We reported previously that both alginate solutions and iron-containing beads enhance iron bioavailability in vitro using the Caco-2 cell model [12]. Following the human study, further in vitro experiments were undertaken to examine reasons for the discrepancy between the results of the human study and the previous in vitro results [12]. In particular, we thought it important to repeat the Caco-2 cell studies using beads prepared in exactly the same way as those used in the human study, namely washing them after preparation to remove iron adhering to the outside of the beads, mixing into cola jelly and, where appropriate, adding calcium to achieve the same calcium: iron molar ratio. It was not, however, possible to replicate the iron content of the beads exactly due to variations in iron accumulation when the beads were soaked in the iron and calcium bath.

Caco-2 cells (HTB-37) were obtained from American Type Culture Collection (Manassas, VA, USA) at passage 18 and cultured in Dulbecco's modified Eagle's media (DMEM, ATCC, USA); supplemented with 10% fetal bovine serum (ATCC, USA), 4 mM L-glutamine, 5 ml 5000 U/ml penicillin-streptomycillin solution (both from Gibco, Paisley, UK) and 5 ml non-essential amino acids 100X (Sigma, Gillingham, Dorset, UK) maintained at 37°C in an incubator with humidified atmosphere consisting of 5% carbon dioxide and 95% air. The cells were seeded onto collagen-coated 6 well plates (Greiner, Stonehouse, UK) at a density of 4.75×104, and suspended in 2 ml of supplemented DMEM, which was replaced every 2 days. Cells between passages 29–34 were used for experiments at 13 d post seeding. 24 h prior to experimentation cells were switched to serum-free medium. The average Caco-2 cell protein was 0.18 mg ±SD 0.032 per cm2. The average ferritin concentration in cells not exposed to any iron treatment (only to digests) was 3.8 ng/mg total protein ±SD 0.7.

Alginate beads with cola jelly (and added calcium solutions in 0.1 M hydrochloric acid, where appropriate) and the positive control (ferrous gluconate), were subjected to a simulated gastrointestinal digestion prior to application onto a dialysis membrane placed above the Caco-2 cell monolayer [12]. Briefly, the samples were heated to 37°C and first underwent simulated gastric digestion with pepsin for 1 h at pH 2, and then the pH was gradually adjusted to 6.7 and pancreatin and bile extract were added to simulate digestion in the upper small intestine. The digest was applied onto the dialysis membranes placed above the Caco-2 monolayer and incubated on a rotating table for 2 h at 37°C. After 2 h the digestate was removed from the upper compartment and the Caco-2 cells incubated for further 22 h, at which point the media was aspirated from the 6 well plates and the cells were washed twice with 2 ml Phosphate-Buffered Saline. Subsequently, deionized water was applied to each well and the Caco-2 cells were scraped off using an inverted 200 µl pipette tip. The cell suspension from each well was transferred into 5 ml sample tubes and sonicated on ice, 3 times for 5 sec, using a probe sonicator. Following sonication, cell suspensions were transferred to pre-labelled 2 ml sample tubes and stored at −20°C. Sonicated cell lysates were defrosted and ferritin measured using a spectroferritin ELISA assay (Ramco, Stafford, Texas, USA). Total protein was quantified using a Pierce BCA protein assay (Fisher Scientific, Loughborough, Leicestershire, UK). Uptake of iron by Caco-2 cells was assessed from the ferritin content (ng/mg total protein).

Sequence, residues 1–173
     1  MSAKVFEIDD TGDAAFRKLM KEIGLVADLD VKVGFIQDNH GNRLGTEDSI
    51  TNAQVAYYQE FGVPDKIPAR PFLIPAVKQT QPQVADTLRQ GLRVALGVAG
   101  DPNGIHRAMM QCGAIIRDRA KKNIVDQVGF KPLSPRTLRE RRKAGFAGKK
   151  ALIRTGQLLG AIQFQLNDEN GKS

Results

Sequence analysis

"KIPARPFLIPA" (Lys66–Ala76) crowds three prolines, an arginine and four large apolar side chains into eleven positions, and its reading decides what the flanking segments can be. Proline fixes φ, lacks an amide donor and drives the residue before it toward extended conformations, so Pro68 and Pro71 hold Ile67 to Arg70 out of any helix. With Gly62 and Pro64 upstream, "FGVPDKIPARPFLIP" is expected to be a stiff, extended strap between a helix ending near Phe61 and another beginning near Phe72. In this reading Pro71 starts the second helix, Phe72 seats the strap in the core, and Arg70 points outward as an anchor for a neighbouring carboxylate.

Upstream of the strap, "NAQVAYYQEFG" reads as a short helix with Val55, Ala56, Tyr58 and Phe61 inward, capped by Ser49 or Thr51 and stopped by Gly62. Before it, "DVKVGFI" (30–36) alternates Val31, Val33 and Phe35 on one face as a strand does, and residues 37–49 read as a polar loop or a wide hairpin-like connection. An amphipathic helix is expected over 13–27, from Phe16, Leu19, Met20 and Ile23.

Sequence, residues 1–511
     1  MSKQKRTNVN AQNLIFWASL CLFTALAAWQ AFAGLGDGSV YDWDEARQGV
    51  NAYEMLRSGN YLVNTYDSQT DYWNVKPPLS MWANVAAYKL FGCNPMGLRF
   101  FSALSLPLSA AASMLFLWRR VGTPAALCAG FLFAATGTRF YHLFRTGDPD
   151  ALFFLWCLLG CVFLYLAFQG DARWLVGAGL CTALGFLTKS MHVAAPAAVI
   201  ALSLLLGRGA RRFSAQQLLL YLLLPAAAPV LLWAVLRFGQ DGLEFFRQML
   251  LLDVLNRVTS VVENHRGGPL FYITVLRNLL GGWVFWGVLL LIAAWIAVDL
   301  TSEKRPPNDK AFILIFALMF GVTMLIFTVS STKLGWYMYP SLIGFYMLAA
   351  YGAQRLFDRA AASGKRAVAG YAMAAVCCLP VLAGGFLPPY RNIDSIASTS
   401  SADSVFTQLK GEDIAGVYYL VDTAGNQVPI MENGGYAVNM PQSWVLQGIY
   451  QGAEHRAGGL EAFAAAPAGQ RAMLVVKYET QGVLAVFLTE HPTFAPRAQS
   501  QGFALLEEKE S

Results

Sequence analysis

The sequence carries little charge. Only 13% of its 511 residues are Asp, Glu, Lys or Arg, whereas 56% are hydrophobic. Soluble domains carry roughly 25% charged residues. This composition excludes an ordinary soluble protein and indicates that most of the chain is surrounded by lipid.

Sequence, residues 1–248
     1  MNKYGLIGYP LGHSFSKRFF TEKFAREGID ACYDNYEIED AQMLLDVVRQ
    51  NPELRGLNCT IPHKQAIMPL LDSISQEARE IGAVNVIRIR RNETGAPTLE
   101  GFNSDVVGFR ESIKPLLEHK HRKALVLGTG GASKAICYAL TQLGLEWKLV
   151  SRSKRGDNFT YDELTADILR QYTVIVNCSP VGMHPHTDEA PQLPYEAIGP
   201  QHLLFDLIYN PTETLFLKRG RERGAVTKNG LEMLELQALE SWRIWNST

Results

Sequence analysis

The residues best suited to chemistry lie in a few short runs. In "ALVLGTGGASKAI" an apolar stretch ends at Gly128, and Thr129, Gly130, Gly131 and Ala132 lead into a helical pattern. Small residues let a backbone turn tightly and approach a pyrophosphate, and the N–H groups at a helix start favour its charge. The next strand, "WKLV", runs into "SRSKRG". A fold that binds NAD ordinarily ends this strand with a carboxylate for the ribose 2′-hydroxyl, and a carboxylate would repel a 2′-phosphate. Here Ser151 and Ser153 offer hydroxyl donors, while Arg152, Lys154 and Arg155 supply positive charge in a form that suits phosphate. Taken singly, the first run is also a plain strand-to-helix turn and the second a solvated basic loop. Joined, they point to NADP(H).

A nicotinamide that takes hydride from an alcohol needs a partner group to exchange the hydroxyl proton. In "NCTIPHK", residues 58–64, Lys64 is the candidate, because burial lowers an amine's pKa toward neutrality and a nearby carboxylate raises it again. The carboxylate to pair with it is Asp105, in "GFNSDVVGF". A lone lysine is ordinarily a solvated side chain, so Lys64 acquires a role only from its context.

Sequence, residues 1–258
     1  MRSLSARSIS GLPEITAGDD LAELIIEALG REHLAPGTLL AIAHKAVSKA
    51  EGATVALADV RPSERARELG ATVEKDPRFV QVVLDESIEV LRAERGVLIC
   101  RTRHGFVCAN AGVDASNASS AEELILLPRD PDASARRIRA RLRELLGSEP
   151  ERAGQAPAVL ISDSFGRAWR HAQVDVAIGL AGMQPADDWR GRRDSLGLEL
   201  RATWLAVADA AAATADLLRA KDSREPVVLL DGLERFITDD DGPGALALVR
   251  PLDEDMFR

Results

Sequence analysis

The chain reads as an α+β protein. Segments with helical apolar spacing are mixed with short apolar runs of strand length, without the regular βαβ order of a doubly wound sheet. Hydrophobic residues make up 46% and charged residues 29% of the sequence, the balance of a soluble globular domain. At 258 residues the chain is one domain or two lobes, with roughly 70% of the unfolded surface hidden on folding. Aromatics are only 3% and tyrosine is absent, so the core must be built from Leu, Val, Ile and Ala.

Statistical Methods